Blog Name: caution! mower!
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Blog Summary: not responsible for damages to other vehicles.
Location: Flat Rock NC
This blog has been active since: 10.09.2006
Post: Scrabbulous / 03.01.2008


Look at what I made! Got the idea from a post on Craftster and I'm really happy with my version of the original. It took about two hours, an old clock, and two old Scrabble games to make, so it was an instant gratification project. Yay! Here are two (rather crappy, from the cell) pictures--a glamour shot and an action shot. :)

I should note that you need tiles for two Scrabble games, or enough to make up for the number of letters V and E that you will need. You definitely need two more Vs than the standard issue and one or two more Es.

I did the project mostly backwards, so here's how I recommend doing it in the right order.
# Glue two wooden rulers or garden stakes to the back of the board, running longitudinally across the fold.
# Take two square ¾" dowels, about 15½" long, and affix with screws across the top and bottom of the board. This is so the clock movement won't be directly against the wall.
# Drill a hole in the center of the star. Make sure the stem of your clock movement fits it

# Glue the tiles to the gameboard, making sure to line up the quarter hours correctly. I added a blank tile to the word "twelve" so that it would center correctly. Later, I'll stencil a black star on the blank tile. (No, I can't draw a star to my satisfaction and, yes, I need a stencil to draw practically anything.)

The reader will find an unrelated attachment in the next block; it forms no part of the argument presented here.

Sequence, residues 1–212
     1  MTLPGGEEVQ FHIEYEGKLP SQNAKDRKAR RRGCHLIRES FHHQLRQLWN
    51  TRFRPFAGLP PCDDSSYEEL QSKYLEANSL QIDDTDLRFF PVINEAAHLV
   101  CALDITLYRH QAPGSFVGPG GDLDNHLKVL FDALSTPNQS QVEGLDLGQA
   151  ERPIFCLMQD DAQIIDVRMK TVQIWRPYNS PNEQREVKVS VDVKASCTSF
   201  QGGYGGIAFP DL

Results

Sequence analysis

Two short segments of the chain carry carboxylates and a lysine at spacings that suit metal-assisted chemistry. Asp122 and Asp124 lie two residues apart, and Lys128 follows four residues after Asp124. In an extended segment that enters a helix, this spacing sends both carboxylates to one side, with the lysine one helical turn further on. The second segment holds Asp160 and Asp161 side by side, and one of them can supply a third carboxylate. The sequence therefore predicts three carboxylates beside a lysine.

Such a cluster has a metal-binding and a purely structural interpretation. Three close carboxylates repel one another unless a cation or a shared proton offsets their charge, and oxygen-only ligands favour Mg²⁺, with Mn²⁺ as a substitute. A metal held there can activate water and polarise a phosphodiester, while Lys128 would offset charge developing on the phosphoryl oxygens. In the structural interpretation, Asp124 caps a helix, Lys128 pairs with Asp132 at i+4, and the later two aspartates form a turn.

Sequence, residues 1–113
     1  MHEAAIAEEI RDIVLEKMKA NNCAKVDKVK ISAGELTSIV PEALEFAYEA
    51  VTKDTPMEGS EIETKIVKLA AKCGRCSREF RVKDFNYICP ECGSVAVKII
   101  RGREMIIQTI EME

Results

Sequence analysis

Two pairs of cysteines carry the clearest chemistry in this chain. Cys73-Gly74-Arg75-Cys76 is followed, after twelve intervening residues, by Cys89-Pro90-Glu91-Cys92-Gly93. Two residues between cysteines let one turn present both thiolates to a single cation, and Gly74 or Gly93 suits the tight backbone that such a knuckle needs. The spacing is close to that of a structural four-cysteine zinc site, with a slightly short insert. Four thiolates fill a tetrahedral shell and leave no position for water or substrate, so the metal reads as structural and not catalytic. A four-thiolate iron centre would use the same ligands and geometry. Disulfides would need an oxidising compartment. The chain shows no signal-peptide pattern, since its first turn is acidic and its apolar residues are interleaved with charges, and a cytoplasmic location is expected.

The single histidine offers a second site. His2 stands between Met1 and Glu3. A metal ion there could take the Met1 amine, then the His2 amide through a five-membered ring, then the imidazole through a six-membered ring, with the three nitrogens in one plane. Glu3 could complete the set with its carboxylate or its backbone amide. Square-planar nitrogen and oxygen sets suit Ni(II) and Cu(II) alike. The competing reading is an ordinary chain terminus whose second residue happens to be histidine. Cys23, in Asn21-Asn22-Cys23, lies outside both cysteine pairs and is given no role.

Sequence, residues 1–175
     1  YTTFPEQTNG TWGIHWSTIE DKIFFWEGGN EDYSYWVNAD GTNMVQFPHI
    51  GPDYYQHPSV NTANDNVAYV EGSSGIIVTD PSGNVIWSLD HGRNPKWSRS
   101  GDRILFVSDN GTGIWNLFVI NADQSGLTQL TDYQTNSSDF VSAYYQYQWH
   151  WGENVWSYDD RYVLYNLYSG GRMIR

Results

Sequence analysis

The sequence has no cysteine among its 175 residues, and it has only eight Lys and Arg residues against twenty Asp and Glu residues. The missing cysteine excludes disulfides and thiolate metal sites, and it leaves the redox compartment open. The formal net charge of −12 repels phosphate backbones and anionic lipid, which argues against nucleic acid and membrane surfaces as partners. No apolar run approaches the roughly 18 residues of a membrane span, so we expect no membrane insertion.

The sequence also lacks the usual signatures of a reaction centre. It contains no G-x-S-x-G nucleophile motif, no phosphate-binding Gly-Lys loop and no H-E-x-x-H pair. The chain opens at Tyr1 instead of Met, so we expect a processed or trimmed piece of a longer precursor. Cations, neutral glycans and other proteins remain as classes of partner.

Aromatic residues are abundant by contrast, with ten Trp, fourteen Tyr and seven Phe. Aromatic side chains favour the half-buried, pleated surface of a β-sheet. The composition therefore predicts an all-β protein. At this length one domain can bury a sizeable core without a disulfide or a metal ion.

1. Disembowel your old clock. I used an old $3, plastic kitchen clock to make mine. Clock movements cost about $7 and the hands that come with are tiny. I thought about gluing coffee stirs or something to the tiny hands and attaching little Scrabble tile stickers to spell out "hours" and "minutes", but then I thought better of it. Might have been too precious. *Make a note of how the second, minute & hour hands attach to the movement. I did not make a note, so I spent 20 minutes trying to figure it out.*

2. Poke your clock movement through the hole and glue to back of board.

3. Put your clock hands on.

4. Put battery in clock movement and set the clock.

I think I spent under $10 on the clock, including materials and battery. If you don't inherit an old Scrabble game, I'd recommend checking thrift stores instead of buying new. If you do buy a new one, caveat emptor.

I've seen a newer version of the board that's all multicolored and swirly, so check out the box for the look you like.

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